On this basis, we hypothesized that combining Thio with the pro-survival inhibitor ABT199/venetoclax would effectively inhibit AML cell proliferation. We also hypothesized that further combining (Thio+ABT199) with the three cytotoxic chemotherapy drugs (Flu+Clad+Bu) would further increase their antileukemic efficacy. In addition to the ability of Thio to form DNA adducts, its radiomimetic action, which is believed to occur through the release of ethylenimine radicals and breakage of DNA bonds [19], has the potential to exacerbate the combined DNA injury. Cells that survive the cytotoxic effects of (Thio+Flu+Clad+Bu) may therefore not escape the effects of ABT199/venetoclax by inhibiting the pro-survival BCL-2 protein.

The present study reports the synergistic interactions of ABT199/venetoclax with Thio in the context of the treatment of AML. Moreover, the combination of ABT199/venetoclax and Thio enhances the cytotoxicity of (Flu+Clad+Bu) in AML cell lines and leukemia patient-derived cell samples. The results may provide relevant information for the design of clinical trials using these drugs to circumvent recognized drug-resistance mechanisms when used as part of pre-transplant conditioning regimens for AML patients undergoing allogenic HSCT.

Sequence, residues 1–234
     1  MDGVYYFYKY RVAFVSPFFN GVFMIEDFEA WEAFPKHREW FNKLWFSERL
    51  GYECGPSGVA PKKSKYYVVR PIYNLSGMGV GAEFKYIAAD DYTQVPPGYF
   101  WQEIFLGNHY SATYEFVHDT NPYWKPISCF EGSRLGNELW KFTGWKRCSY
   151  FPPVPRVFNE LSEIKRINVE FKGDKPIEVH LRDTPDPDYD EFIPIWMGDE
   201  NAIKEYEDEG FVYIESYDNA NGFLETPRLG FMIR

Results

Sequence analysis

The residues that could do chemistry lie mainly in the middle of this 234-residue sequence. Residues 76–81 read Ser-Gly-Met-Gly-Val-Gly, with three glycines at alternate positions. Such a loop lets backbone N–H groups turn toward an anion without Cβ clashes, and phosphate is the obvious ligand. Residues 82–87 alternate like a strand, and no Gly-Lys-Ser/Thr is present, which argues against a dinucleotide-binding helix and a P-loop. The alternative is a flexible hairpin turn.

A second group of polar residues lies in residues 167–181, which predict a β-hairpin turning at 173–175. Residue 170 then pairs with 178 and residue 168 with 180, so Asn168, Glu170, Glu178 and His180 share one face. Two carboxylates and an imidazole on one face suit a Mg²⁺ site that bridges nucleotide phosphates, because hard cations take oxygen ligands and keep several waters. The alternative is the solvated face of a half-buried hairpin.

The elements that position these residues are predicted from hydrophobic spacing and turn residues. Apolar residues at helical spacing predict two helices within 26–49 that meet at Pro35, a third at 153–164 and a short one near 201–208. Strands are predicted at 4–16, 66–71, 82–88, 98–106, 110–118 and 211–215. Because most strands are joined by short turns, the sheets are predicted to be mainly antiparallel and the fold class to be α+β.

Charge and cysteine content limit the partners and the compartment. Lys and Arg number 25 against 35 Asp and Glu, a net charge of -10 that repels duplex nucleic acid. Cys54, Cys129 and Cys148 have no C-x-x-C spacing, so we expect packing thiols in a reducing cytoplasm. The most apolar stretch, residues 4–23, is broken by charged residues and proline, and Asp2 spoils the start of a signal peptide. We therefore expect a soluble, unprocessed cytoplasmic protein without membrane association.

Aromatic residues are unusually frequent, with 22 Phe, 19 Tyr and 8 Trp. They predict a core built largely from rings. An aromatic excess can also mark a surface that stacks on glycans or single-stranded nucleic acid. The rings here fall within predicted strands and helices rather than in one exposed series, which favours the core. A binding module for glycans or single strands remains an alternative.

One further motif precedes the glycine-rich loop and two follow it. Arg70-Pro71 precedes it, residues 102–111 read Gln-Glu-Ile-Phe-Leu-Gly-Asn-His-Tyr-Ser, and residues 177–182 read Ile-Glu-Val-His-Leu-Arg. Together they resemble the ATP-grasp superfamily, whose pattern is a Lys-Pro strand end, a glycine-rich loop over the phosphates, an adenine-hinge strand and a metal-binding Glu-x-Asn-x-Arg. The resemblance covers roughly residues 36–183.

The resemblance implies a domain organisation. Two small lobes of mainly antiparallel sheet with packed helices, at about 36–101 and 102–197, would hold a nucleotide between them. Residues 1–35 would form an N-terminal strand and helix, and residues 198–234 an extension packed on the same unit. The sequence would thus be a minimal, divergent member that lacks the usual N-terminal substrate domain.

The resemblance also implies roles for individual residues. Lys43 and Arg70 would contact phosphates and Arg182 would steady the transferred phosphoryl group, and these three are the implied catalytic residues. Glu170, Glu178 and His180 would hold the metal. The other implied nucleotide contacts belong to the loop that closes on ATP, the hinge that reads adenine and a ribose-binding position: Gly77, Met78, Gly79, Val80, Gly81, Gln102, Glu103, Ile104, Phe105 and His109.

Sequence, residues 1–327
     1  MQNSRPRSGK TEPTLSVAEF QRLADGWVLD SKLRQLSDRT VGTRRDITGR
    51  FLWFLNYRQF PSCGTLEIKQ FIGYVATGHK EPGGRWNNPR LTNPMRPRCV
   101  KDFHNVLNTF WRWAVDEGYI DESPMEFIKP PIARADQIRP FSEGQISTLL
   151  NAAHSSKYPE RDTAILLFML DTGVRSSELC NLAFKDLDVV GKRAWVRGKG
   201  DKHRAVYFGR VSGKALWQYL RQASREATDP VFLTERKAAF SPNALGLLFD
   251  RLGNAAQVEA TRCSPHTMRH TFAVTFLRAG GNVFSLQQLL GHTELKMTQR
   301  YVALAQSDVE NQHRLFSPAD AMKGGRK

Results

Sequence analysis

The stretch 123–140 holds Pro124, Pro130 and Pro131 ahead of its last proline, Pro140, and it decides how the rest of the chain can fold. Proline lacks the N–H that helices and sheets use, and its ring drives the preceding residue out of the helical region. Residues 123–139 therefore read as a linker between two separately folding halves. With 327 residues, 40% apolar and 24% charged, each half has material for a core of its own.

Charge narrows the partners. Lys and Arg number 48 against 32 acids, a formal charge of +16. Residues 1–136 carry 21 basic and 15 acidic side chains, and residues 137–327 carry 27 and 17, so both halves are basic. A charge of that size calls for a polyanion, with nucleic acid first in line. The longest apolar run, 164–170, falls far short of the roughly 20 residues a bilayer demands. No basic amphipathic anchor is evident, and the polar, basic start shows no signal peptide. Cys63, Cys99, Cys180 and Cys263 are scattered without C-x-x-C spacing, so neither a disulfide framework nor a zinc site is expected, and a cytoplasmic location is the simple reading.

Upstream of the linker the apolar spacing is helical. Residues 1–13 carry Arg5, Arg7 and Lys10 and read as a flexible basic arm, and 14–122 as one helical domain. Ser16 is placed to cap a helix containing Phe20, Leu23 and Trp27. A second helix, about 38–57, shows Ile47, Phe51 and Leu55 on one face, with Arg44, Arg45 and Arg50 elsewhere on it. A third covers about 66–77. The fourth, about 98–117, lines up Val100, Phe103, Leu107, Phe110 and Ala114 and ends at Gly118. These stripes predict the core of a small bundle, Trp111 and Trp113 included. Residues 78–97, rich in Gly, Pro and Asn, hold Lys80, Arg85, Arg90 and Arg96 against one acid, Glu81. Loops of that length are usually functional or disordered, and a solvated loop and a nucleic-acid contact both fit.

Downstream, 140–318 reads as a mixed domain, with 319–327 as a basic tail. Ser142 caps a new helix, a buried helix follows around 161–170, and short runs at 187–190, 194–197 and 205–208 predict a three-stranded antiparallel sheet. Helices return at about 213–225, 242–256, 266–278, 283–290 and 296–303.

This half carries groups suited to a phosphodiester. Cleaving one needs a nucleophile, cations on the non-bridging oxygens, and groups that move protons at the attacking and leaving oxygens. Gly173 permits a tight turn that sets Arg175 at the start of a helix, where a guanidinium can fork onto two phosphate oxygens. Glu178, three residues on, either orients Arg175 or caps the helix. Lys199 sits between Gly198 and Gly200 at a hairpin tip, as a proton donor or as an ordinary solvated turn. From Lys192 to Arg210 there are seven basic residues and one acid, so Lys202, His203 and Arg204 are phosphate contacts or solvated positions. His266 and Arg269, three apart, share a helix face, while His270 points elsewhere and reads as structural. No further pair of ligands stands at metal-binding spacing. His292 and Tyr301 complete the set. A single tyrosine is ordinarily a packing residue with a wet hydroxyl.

Combination of thiotepa with ABT199/venetoclax exerts synergistic cytotoxicity towards AML cell lines

Exposure of the KBU, OCI-AML3 and MOLM14 cell lines to 1 μg/mL, 0.45 μg/mL, and 0.6 μg/mL Thio alone inhibited cell proliferation, relative to the control, by 29%, 18%, and 30%, respectively; addition of the indicated concentrations of ABT199/venetoclax further inhibited cell proliferation by 73%, 69%, and 47% relative to the control without Thio (Figure 1A). These results are consistent with the Annexin V assay. Exposure of KBU, OCI-AML3 and MOLM14 cell lines to 1 μg/mL, 0.45 μg/mL, and 0.6 μg/mL Thio (without ABT199) resulted in 7%, 15%, and 7% Annexin V positivity, and addition of ABT199/venetoclax increased the readings to 26%, 43%, and 34%, respectively (Figure 1B). These findings suggest that ABT199/venetoclax enhances the cytotoxicity of Thio in AML cell lines.

Figure 1: Synergistic cytotoxicity of thiotepa (Thio) and ABT199/venetoclax (ABT199) in AML cell lines.

Cells were exposed to the indicated concentrations of Thio and ABT199 for 48 h and analyzed for (A) cell proliferation and (B) apoptosis by MTT and Annexin V assays, respectively. The results were normalized relative to untreated control cells for the Thio-only data and to ABT199-treated control cells for the (Thio+ABT199) data. (C) The synergistic cytotoxicity of Thio and ABT199 was quantitatively analyzed by exposing cells to various concentrations of the drugs, individually or in combination at constant ratio, for 48 h and cell proliferation was determined using the MTT assay. Combination indexes (CI) were determined as described under Materials and Methods. CI values less than 1 indicate synergism.